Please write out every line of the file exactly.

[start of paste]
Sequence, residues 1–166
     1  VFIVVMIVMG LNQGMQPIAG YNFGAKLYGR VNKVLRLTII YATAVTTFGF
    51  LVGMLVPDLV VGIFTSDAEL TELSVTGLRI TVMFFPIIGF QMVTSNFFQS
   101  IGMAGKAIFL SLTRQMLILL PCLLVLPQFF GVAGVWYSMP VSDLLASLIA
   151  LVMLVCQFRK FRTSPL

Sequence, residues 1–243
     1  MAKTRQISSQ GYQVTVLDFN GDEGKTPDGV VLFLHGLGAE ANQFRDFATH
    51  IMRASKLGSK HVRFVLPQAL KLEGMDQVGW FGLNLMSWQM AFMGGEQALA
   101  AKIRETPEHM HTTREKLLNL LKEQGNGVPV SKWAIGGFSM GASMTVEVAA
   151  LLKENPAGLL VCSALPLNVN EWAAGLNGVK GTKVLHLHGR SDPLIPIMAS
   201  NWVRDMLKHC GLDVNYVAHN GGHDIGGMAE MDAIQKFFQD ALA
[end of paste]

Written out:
Sequence, residues 1–166
     1  VFIVVMIVMG LNQGMQPIAG YNFGAKLYGR VNKVLRLTII YATAVTTFGF
    51  LVGMLVPDLV VGIFTSDAEL TELSVTGLRI TVMFFPIIGF QMVTSNFFQS
   101  IGMAGKAIFL SLTRQMLILL PCLLVLPQFF GVAGVWYSMP VSDLLASLIA
   151  LVMLVCQFRK FRTSPL

Sequence, residues 1–243
     1  MAKTRQISSQ GYQVTVLDFN GDEGKTPDGV VLFLHGLGAE ANQFRDFATH
    51  IMRASKLGSK HVRFVLPQAL KLEGMDQVGW FGLNLMSWQM AFMGGEQALA
   101  AKIRETPEHM HTTREKLLNL LKEQGNGVPV SKWAIGGFSM GASMTVEVAA
   151  LLKENPAGLL VCSALPLNVN EWAAGLNGVK GTKVLHLHGR SDPLIPIMAS
   201  NWVRDMLKHC GLDVNYVAHN GGHDIGGMAE MDAIQKFFQD ALA